India is one of the fastest growing economies in the world. It is in a strong position to deliver on its national development priorities, as well as on the globally-agreed-upon 2030 Agenda for Sustainable Development. India has also provided leadership in shaping the Sustainable Development Goals (SDGs), particularly in ensuring that the voices of developing countries find prominence in global discourse.
Several of India’s development priorities are mirrored in the SDGs. Projected to be the most populous and youngest country in the world by 2024, India’s contributions will be indispensable for the achievement of the SDGs globally. India is embarking on a long-term visioning exercise aligned with the SDGs. The government is committed to inclusive growth and has launched many national programmes to achieve, within a short period, ambitious goals such as rural electrification, sanitation, housing for all, clean and renewable energy expansion, universal elementary school education, smart cities and skills development, to name just a few. These will determine the success of SDGs both in India and globally.
Despite these achievements, much progress remains to be made. More than 27.5% of the population is considered multi-dimensionally poor, i.e more than one in every four persons in India is poor. Deprivation and inequality are widespread; consumption and income inequalities are high, while social inequity linked to gender, caste and tribe is perpetual; growth has not been accompanied by sufficient employment generation; hunger and malnutrition are commonplace and there are significant challenges in ensuring the reproductive health and rights of adolescents.
The Government of India played a key role in shaping the Sustainable Development Goals (SDGs). The challenge now is to translate the SDGs into concrete action. Several of the ambitious programmes launched by the government directly contribute to a number of SDGs: The Clean India campaign; The End Open Defecation by 2019 Campaign; Pradhan Mantri Awas Yojana or the Prime Minister’s Housing Scheme; The Make in India Campaign; the 100 Smart Cities initiative; Health Assurance for All; and the Prime Minister’s Financial Inclusion Scheme, among others. Emphasis has been placed on skill development and entrepreneurship to ensure a direct focus on youth.
The UN in India, including Non-Resident Agencies commits its support to the Government of India’s effort to achieve development priorities for the period 2018-2022 and beyond. The year 2022 will be an important milestone for India, as it will mark 75 years of the country’s independence. The GoI and UN Sustainable Development Framework (UNSDF) for the period 2018-2022 supports the achievement of national priorities. It builds on the successes and lessons emerging from previous programmatic efforts and is designed with the overall objective to Leave No One Behind and Reach the Furthest Behind First.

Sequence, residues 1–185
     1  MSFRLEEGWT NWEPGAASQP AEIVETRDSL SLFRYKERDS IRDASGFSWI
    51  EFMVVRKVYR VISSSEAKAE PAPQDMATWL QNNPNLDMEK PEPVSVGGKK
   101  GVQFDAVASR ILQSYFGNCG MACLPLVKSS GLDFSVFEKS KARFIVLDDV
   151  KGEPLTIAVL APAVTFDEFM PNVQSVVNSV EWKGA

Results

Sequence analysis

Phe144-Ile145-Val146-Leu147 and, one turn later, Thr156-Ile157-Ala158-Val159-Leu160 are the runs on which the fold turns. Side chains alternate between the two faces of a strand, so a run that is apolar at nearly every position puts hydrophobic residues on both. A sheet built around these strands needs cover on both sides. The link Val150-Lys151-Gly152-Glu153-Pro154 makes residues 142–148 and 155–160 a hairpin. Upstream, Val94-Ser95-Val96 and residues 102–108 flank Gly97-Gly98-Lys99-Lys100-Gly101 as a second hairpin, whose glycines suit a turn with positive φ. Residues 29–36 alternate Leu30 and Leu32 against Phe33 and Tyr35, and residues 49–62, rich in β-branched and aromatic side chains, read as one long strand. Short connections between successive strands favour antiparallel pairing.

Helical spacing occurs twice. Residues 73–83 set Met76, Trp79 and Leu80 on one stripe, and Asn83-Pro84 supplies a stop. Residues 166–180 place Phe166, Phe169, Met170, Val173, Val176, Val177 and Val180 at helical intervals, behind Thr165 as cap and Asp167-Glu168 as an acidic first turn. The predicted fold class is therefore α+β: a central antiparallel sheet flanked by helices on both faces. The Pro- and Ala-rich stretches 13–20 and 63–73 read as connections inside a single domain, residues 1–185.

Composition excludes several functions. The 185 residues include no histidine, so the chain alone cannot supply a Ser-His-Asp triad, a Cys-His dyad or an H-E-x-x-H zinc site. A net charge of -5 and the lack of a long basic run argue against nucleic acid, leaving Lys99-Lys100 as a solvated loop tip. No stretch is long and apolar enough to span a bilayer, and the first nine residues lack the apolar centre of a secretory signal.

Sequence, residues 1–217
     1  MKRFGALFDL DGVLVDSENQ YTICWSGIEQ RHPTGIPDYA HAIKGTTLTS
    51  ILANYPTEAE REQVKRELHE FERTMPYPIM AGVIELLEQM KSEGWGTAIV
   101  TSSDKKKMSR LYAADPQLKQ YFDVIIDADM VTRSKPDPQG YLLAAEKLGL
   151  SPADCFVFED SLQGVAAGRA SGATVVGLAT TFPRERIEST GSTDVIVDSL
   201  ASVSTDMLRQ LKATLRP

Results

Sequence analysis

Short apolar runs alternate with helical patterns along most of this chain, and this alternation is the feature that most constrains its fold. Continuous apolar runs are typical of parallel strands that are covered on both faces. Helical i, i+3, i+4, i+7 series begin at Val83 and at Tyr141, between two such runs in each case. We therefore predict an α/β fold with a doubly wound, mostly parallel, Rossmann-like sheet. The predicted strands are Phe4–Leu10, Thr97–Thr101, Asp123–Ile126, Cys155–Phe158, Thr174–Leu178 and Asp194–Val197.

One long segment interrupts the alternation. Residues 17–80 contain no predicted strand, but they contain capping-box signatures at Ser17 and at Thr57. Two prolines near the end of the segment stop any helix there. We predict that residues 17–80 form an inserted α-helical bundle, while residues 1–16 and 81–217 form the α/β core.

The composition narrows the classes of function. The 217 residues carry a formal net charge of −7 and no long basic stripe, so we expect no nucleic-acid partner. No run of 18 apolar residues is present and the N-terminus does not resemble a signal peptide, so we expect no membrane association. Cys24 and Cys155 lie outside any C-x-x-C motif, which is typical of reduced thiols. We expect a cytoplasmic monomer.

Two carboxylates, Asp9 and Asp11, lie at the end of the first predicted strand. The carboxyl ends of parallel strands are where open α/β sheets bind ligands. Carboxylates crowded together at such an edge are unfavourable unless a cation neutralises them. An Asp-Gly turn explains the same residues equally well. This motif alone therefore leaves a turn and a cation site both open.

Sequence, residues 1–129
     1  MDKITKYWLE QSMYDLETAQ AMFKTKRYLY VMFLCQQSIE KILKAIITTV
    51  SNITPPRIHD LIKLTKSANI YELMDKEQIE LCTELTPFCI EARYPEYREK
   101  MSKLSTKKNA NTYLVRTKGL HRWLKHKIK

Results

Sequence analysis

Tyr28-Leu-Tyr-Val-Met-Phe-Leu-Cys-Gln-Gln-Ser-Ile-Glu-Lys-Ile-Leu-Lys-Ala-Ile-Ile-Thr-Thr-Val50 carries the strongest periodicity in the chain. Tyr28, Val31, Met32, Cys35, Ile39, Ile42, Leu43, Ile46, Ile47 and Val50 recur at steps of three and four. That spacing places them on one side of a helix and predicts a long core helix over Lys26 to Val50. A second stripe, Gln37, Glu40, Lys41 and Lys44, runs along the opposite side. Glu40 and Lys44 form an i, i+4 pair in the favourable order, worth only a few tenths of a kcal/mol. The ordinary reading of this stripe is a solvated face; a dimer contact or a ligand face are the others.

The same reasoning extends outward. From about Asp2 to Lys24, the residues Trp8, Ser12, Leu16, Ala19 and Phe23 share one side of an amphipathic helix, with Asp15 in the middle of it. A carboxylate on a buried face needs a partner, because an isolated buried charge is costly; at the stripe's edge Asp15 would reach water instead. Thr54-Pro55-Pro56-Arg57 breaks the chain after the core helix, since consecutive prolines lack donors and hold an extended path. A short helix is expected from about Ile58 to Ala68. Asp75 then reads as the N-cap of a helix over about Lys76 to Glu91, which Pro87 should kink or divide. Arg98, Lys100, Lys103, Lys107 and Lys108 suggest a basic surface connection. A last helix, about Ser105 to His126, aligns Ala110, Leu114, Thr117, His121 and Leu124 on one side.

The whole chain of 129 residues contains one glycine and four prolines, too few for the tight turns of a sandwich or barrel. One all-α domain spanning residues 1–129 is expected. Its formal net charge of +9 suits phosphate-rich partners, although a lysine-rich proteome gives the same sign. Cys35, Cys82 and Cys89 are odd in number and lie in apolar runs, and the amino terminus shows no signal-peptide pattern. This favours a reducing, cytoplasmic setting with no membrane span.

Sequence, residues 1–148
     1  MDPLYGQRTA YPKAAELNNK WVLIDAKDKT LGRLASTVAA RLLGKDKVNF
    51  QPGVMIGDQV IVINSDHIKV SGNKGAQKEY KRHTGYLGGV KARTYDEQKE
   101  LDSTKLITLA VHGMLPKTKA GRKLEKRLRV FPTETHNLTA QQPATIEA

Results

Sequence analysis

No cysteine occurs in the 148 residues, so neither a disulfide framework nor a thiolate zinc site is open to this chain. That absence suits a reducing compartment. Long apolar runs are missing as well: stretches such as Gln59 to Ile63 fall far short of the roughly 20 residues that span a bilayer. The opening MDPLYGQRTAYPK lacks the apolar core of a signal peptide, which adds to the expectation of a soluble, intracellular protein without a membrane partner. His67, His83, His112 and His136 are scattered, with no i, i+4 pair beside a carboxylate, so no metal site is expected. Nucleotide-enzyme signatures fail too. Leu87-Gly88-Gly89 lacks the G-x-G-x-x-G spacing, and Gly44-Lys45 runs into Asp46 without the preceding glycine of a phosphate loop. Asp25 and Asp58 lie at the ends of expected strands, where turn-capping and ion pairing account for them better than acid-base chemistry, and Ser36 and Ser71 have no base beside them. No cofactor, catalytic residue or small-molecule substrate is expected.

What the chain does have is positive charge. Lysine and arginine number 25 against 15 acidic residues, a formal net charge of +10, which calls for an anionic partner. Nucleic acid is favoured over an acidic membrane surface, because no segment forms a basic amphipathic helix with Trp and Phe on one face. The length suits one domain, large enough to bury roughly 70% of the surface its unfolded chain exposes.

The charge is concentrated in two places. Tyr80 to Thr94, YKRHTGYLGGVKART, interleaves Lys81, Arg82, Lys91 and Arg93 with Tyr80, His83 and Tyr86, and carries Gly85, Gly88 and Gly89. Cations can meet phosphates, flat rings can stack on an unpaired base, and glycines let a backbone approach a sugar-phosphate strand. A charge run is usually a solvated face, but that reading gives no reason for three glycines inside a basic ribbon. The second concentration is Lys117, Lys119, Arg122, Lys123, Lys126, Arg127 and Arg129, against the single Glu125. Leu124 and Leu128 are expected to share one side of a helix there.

The UNSDF was designed in a participatory manner with key stakeholders. It outlines the UN System’s joint efforts to achieve results in the least developed states, including those in the North-East, and focuses on the following seven areas:
- POVERTY AND URBANISATION
By 2022, institutions are strengthened to progressively deliver universal access to basic services, employment, and sustainable livelihoods in poor and excluded rural and urban areas.
- NUTRITION AND FOOD SECURITY
By 2022, all children enjoy essential nutrition services and rural smallholders and other vulnerable groups have improved livelihoods and greater access to a nutritionally adequate food basket.
- EDUCATION AND EMPLOYABILITY
By 2022, more children, young people, and adults, especially those from vulnerable groups, enjoy access to quality learning for all levels of education.
- HEALTH, WATER AND SANITATION
By 2022, there is improved and more equitable access to, and utilization of, quality, affordable health, water, and sanitation services.
- SKILLING, ENTREPRENEURSHIP AND JOB CREATION
Encouraging entrepreneurship stimulates innovation and domestic demand, generating By 2022, people vulnerable to social, economic and environmental exclusion, have increased opportunities for productive employment through decent jobs and entrepreneurship.
- CLIMATE CHANGE, CLEAN ENERGY AND DISASTER RESILIENCE
By 2022, environmental and natural resource management (NRM) is strengthened and communities have increased access to clean energy and are more resilient to climate change and disaster risks.
- GENDER EQUALITY AND YOUTH DEVELOPMENT
By 2022, women, children, and young people have improved access to equal opportunities and an enabling environment, to advance their social, economic and political rights.
For implementation, in addition to the government, the UN System is partnering with various development actors, including the private sector, to co-create innovative scalable development solutions. The UN System in India is committed to providing full support to India’s development priorities, and ensuring that the UNSDF outcomes are achieved and that poor, vulnerable and marginalized communities participate in and benefit from the country’s robust growth trajectory.